The question is, will that translate into a lasting demand for cleaner politics?
“A new phenomenon” is being seen, said Jose Ugaz, a renowned Peruvian lawyer and the chairman of Transparency International, a Berlin-based anti-corruption watchdog, who expressed cautious optimism.
“What we are facing today is very different to what we were facing 27 years ago,” when Transparency International was founded, he told AFP.
“I think it has been a difficult year — but at the same time, it gives hope for the future.”
The Panama Papers leak in April — an unprecedented data dump — triggered much of the outrage early in 2016.
Offshore companies used by many of the world’s famous, wealthy or powerful, or kin or aides close to them, were exposed.
Also implicated was a close friend of President Vladimir Putin, as well as current or former government officials in Europe, Africa, Asia and the Middle East — more than 140 politicians and public officials in all.
The revelations forced Iceland’s prime minister to resign and embarrassed Britain’s then-prime minister David Cameron.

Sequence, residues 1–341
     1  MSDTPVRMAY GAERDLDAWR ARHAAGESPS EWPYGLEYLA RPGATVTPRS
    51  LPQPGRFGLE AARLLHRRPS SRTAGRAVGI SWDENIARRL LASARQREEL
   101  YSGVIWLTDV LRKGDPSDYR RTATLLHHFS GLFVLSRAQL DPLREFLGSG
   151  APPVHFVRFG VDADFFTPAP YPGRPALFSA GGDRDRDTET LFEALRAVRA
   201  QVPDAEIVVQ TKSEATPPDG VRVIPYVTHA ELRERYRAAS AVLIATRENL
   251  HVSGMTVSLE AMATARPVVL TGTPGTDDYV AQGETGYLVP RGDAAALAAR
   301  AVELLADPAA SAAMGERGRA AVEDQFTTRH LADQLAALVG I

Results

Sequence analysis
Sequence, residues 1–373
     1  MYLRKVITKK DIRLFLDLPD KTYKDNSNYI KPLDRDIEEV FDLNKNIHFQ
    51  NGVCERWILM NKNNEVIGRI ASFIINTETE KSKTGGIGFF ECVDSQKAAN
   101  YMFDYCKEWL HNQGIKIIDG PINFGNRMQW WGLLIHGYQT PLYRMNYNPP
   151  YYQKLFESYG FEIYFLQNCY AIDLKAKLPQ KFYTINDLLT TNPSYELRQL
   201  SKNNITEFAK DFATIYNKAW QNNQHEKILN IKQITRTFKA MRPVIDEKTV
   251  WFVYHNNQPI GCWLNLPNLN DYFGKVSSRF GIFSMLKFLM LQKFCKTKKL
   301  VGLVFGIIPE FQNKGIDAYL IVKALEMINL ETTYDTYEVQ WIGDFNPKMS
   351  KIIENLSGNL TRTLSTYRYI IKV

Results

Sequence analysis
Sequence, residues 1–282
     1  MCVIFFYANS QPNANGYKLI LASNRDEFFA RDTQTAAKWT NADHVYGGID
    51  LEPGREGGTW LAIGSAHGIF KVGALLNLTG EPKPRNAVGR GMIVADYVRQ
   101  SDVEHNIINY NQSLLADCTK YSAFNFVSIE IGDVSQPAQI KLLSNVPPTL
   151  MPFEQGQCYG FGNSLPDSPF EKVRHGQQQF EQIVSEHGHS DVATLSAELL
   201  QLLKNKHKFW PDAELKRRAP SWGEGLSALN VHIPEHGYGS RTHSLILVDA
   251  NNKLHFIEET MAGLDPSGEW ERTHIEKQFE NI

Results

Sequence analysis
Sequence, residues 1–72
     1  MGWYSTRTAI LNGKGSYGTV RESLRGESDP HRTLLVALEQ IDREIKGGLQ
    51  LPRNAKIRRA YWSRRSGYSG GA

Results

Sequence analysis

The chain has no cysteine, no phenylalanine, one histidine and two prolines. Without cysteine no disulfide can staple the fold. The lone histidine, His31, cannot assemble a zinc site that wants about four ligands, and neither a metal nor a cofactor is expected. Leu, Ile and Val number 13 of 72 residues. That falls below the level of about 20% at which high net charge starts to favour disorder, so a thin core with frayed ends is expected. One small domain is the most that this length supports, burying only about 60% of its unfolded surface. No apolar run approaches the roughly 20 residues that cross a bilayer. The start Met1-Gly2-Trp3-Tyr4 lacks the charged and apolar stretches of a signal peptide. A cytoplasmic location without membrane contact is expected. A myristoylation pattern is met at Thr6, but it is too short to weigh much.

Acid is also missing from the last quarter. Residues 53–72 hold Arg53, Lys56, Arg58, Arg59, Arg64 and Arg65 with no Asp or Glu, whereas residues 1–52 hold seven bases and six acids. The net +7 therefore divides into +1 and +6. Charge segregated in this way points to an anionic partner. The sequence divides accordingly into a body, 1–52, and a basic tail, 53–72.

China, although in the midst of an anti-corruption drive that has netted more than a million officials, suppressed the Panama Papers information relating to Xi’s family in domestic media and online forums.
That bolstered suspicions among observers that relatives of the Communist Party elite remained untouchable in the crackdown on graft.
“There is a double standard,” said Willy Lam, professor of politics at the Chinese University of Hong Kong.
“The publication of the Panama Papers reminds us of the rapid expansion and power of transparency,” the head of the World Bank, Jim Yong Kim, told a London anti-corruption summit in May.
He urged more transparency, stressing that “corruption is, quite simply, stealing from the poor.”